The arrest of a prominent Macau executive in the largest prostitution bust in the city’s history shows Chinese President Xi Jinping is broadening his crackdown on corruption to restrict even long-tolerated vices.
Police in the former Portuguese colony arrested Alan Ho, handcuffing him and covering his head with a black hood, for allegedly operating a prostitution ring out of the casino complex of his uncle, Stanley Ho. The elder Ho held a monopoly on gambling in Macau for four decades and SJM Holdings Ltd., the company he founded, is still Asia’s biggest casino operator.
The authorities’ latest target of the sex industry comes as Xi wages the most sweeping campaign in decades against bribery, embezzlement and other kinds of corruption in an effort to bolster the legitimacy of the ruling Communist Party. Macau casinos that suffered last year from the fallout of Xi’s crackdown are likely feeling the noose tighten further, particularly on junket operators, middlemen who bring in high-stakes gamblers from the mainland.
“There is undoubtedly a new sheriff in town,” said Steve Vickers, a political risk consultant in Hong Kong. “This is consistent with President Xi’s call for Macau authorities to show ‘greater courage and wisdom’ and to ‘strengthen and improve regulation and supervision over the gaming industry.’ “
Xi, who visited Macau last month for the 15th anniversary of its handover to China, said this week that there will be no let up in his “fierce and enduring” battle against corruption, which has already taken down thousands of senior officials including the country’s former security chief.
Actions including restrictions on illicit fund flows have prompted mainland VIPs to avoid Macau, putting some junkets out of business. The David Group, a top 10 Macau junket operator, is in the process of shutting its VIP rooms throughout the city, Nomura analysts led by Stella Xing wrote Thursday.
Macau is seeking to curb money flows because of concerns illegal funds are being taken out of the mainland into the territory through junket operators which provide credit to high-end players to gamble in the city.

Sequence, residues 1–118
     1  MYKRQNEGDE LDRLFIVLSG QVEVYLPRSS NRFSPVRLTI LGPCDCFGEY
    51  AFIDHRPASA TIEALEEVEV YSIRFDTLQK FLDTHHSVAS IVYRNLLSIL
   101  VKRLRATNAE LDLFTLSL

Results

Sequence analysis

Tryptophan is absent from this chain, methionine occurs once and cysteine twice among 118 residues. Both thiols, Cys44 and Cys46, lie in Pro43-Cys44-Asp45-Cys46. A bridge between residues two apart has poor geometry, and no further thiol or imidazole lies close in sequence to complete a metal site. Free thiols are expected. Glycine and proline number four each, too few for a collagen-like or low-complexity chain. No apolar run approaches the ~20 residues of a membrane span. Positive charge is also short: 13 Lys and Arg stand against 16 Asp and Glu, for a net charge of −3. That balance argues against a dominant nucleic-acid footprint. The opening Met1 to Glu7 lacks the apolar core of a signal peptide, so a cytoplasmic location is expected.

Alan Ho was among the six people arrested for running the vice ring out of the Hotel Lisboa. Last weekend’s operation was the city’s biggest forced prostitution case since its 1999 handover to China, the Macau Daily News reported. It involved 2,400 suspected sex workers and about 400 million patacas ($50 million) in illicit gains, according to the Macau Judiciary Police.
Alan Ho didn’t respond to queries sent to his work e-mail address.
The vice ring collected fees from women in return for allowing them to solicit men in a hotel, according to a statement from the police. The ladies, some of them recruited on the Internet, paid 150,000 yuan as an “entry fee” and a monthly protection fee of more than 10,000 patacas, they said. The city’s security chief, Wong Sio Chak, promised to step up police enforcement on the sex trade in Macau after the bust, according to a report in the Macao Daily News on Jan. 14.
Macau has long tolerated the sex trade, a natural outgrowth of a casino-focused tourism city, said Carlos Siu, an associate professor at Macau Polytechnic Institute.
“It’s happened to my friends visiting Macau; sometimes pimps will approach men asking if they need such services,” Siu said. “If it’s night, the women might hide in some dark corner pretending to play slot machines, come out and approach you.”
Macau authorities conducted 34 sex trafficking investigations in 2013, compared with 15 a year earlier, the U.S. State Department’s Trafficking in Persons Report published last June showed. Victims, predominantly from mainland China, “are sometimes confined in massage parlors and illegal brothels, where they are closely monitored, forced to work long hours, have their identity documents confiscated and are threatened with violence,” it said.
The State Department ranks Macau as a Tier 2 territory, which does not fully comply with minimum standards in the Victims of Trafficking and Violence Protection Act “but are making significant efforts to bring themselves into compliance.”
Staff from Association for Reach Out (Macau) found little evidence of the usually rampant sex trade when they visited Hotel Lisboa and another casino hotel to give out condoms and health information flyers on Wednesday, four days after the bust, said Kendy Yim, executive director of the nongovernmental organization providing support for sex workers in Macau.
These sex workers usually ply their trade in places ranging from casinos to nightclubs and saunas, receiving little social and government support, said Yim, adding there are no concrete statistics on the size of the industry because of the hushed nature of the profession and lack of accurate surveys.
“Often these are young, female migrant workers with little local support,” said Yim. “They are very much marginalized and may face all sorts of dangers; violence is one of them, and unsafe sex and exploitation from their employers is another.”
The police sting on a high-profile location like the Hotel Lisboa, and the arrest of a member of the powerful Ho family, heralds of more cleanup operations to come, said Lok Wai Kin, vice president of Macau’s Law Reform Consultative Committee which advises the government on legal matters.
“Macau’s government wants to make the gaming industry a more regulated and lawful one,” said Lok, a law professor at the University of Macau. “You can’t have rampant and in-your-face prostitution in a world-class entertainment destination, right?”